Source: Foreign Policy in Focus
On the eve of his recent visit to the UK, Donald Trump described the country as being in “turmoil.” And at one end of the political spectrum there was turmoil aplenty, with a slew of high-profile ministerial resignations from the Conservative government following the publication of its long-awaited plan for leaving the European Union, referred to as Brexit.
But in other political quarters, Trump’s visit also proved to be something of a unifying force. Anti-Trump protests sprouted up across Britain drawing tens of thousands, while a huge march in London numbered around a quarter of a million, making it the largest UK protest since over a million people demonstrated against the U.S. invasion of Iraq in 2003.
The London protest reveals another side to Trump’s transatlantic impact — alongside the more visible boost his election has given to authoritarian populist movements across Europe and beyond.
Without a doubt, the Trump presidency has super-charged extreme right-wing forces across the continent by supporting and normalizing political positions long considered unacceptable in democratic societies. His vocal attacks on human rights, legal norms, social welfare, and his cynical demonization of migrants, Muslims, and people of color, has given permission for ultra-nationalist governments to undermine constitutional safeguards and pursue very public forms of discrimination. Examples include Hungary’s proposal to criminalize aid to migrants, Italy’s ominous registration of Roma and Sinti people, and Poland’s purge of Supreme Court judges.
Perhaps most pervasively, Trump’s denial of empirical evidence and his open and repeated recourse to racism, personal insults, and sneering have helped to export the corrosion of public discourse that has been a growing feature of American political life since the 1990s.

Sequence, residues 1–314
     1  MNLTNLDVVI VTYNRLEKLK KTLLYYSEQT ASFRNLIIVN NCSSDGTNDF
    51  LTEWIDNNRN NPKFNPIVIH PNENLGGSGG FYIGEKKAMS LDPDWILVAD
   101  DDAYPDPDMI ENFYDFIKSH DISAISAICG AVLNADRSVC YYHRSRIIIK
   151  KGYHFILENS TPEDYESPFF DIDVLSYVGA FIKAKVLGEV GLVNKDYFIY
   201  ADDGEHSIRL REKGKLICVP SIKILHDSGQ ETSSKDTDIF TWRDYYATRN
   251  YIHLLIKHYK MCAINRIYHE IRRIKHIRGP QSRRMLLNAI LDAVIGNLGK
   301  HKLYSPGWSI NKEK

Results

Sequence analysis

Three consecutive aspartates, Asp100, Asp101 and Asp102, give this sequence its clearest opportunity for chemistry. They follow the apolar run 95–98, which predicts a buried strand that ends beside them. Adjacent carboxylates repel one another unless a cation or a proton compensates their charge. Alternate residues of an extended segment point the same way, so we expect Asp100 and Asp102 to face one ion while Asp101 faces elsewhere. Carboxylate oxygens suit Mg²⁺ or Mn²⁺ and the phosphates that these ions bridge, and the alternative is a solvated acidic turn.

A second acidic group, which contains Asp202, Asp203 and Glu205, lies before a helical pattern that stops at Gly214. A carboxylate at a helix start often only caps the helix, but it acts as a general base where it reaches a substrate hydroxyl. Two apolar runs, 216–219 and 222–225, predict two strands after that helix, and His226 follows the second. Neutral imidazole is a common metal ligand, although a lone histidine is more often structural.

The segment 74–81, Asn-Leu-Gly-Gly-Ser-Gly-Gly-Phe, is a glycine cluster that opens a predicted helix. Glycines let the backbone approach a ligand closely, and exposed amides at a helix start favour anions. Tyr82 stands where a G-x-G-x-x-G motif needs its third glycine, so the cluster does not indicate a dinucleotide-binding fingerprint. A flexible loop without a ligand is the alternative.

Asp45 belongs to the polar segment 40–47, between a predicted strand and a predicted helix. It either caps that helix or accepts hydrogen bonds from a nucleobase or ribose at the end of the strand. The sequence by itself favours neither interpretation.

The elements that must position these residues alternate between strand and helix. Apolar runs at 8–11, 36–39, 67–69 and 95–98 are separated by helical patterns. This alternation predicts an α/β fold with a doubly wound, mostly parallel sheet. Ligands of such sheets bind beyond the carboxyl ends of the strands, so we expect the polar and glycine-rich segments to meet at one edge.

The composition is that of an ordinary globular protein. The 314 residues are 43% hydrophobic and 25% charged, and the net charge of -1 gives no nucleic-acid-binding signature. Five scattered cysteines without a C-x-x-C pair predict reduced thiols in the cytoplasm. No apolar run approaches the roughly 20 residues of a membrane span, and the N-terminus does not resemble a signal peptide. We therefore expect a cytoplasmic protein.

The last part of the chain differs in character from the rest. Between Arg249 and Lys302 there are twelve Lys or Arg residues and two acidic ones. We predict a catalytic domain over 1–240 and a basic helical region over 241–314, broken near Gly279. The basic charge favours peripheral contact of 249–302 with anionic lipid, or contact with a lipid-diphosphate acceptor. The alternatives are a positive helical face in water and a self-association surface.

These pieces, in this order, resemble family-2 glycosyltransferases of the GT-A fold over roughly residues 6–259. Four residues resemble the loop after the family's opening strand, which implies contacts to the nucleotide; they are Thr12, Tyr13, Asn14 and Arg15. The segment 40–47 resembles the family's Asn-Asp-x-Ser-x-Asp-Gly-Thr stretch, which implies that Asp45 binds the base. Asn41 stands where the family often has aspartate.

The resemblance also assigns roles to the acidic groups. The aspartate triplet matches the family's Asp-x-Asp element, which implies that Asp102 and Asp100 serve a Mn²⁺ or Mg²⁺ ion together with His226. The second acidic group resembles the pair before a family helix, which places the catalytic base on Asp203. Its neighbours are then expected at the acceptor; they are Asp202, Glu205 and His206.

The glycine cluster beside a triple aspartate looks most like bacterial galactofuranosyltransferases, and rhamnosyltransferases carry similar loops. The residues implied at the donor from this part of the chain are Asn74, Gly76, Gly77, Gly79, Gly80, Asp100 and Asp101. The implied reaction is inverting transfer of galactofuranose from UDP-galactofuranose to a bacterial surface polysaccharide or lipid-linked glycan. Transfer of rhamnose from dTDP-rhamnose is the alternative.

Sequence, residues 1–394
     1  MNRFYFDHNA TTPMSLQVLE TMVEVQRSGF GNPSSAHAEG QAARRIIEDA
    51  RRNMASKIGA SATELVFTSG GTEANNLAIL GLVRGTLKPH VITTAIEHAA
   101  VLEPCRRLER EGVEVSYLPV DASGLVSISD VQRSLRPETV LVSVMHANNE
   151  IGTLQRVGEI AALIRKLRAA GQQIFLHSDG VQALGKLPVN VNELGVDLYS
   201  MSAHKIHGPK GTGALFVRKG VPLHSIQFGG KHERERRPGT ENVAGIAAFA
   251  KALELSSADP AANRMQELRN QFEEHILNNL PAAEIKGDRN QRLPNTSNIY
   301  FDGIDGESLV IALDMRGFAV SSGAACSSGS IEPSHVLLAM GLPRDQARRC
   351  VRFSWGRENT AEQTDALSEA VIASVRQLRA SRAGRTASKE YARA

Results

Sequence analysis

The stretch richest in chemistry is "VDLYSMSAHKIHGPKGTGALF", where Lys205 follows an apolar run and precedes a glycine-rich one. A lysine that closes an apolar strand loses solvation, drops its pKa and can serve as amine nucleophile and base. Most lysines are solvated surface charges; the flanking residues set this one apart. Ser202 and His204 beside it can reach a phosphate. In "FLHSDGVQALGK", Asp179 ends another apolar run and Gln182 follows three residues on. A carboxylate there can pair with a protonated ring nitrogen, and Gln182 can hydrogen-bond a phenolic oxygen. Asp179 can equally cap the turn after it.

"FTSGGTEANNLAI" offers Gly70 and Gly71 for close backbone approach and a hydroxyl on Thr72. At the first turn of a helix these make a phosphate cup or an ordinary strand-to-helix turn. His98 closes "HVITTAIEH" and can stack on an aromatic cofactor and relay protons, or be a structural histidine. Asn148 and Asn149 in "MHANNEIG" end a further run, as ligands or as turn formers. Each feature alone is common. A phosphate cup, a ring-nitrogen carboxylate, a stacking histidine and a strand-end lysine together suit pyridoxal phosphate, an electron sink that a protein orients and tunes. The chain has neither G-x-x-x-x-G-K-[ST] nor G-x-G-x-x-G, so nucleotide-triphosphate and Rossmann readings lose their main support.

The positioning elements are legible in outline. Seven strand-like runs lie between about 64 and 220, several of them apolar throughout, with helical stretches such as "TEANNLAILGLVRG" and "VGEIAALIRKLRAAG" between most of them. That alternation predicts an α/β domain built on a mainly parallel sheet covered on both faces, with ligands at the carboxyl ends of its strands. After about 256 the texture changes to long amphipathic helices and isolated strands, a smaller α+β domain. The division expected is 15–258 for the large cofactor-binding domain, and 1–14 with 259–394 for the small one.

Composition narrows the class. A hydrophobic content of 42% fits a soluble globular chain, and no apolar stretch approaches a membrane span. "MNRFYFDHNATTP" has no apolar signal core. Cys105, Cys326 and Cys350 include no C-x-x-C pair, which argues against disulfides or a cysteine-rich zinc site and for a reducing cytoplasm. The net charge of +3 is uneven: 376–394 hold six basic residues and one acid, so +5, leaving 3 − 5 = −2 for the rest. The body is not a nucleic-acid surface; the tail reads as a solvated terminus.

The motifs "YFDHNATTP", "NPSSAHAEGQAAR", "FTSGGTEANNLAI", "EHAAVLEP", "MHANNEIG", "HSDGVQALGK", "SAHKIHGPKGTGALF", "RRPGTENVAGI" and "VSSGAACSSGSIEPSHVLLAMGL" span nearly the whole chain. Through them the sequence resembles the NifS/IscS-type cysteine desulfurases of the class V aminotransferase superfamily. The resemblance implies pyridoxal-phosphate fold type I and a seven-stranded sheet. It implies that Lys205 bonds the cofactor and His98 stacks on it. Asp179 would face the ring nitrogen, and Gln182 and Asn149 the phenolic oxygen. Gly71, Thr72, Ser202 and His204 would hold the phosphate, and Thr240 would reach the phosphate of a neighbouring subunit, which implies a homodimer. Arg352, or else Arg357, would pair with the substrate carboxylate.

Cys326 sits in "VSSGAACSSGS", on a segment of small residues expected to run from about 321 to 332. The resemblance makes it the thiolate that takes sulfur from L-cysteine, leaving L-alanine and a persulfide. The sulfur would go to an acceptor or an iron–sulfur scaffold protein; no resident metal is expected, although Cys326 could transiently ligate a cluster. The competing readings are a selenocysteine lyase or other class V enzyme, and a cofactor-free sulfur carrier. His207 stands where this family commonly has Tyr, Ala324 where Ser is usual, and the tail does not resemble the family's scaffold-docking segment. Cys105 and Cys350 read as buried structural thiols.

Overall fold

However, if Trump’s aggressive style and populist impulses have encouraged his political soulmates abroad, they have also provoked a backlash in defense of democratic norms. And in the case of Brexit, they have also harmed the very project that Trump wants to endorse.
The Politics of Resisting Trump in Britain
The anti-Trump protest in London on July 13 belied the media focus on the Trump Baby Blimp, a 20-foot high balloon that unflatteringly depicts the President as a lurid-orange infant with a pouting face and tiny hands. While some of the more humorous signs did make fun of Trump personally, the overall tone of the protest was in fact neither personal nor trivializing but displayed real political sophistication.
Like other populations around the globe, British audiences on average tend to be much better informed about American politics than most Americans are about other countries, in part because the U.S. remains the sole global superpower but also because of the comparatively superficial and restricted focus of much mainstream American media.
In London, demonstrators expressed concern over the future of the Supreme Court and judicial appointments, abortion rights, the treatment of migrants, the political exploitation of xenophobia and racism, the fate of Palestine after the relocation of the U.S. embassy to Jerusalem, the administration’s sexist, homophobic, and transphobic rhetoric, and the prospect of “tactical” nuclear weapons becoming a routine military tool. But perhaps most striking was the refusal to see the source of these dangers as simply foreign or to project political blame outside the polity.
Quite the reverse. It was not simply that the tone of the demonstration was resolutely not anti-American, but that in placards, banners, conversations, and in the speeches at the final rally, the march connected the political phenomenon represented by Trump with similar forces in Britain and Europe. As one protester commented, the march was not simply anti-Trump, but also anti-Brexit and firmly against the policies of British Prime Minister Theresa May.
Trump as Creeping Authoritarianism Writ Large
Rather than prompting a kind of self-satisfied disgust at the faults of others, Trump’s visit to the UK has provided a powerful lens for interrogating the current state of British and European politics.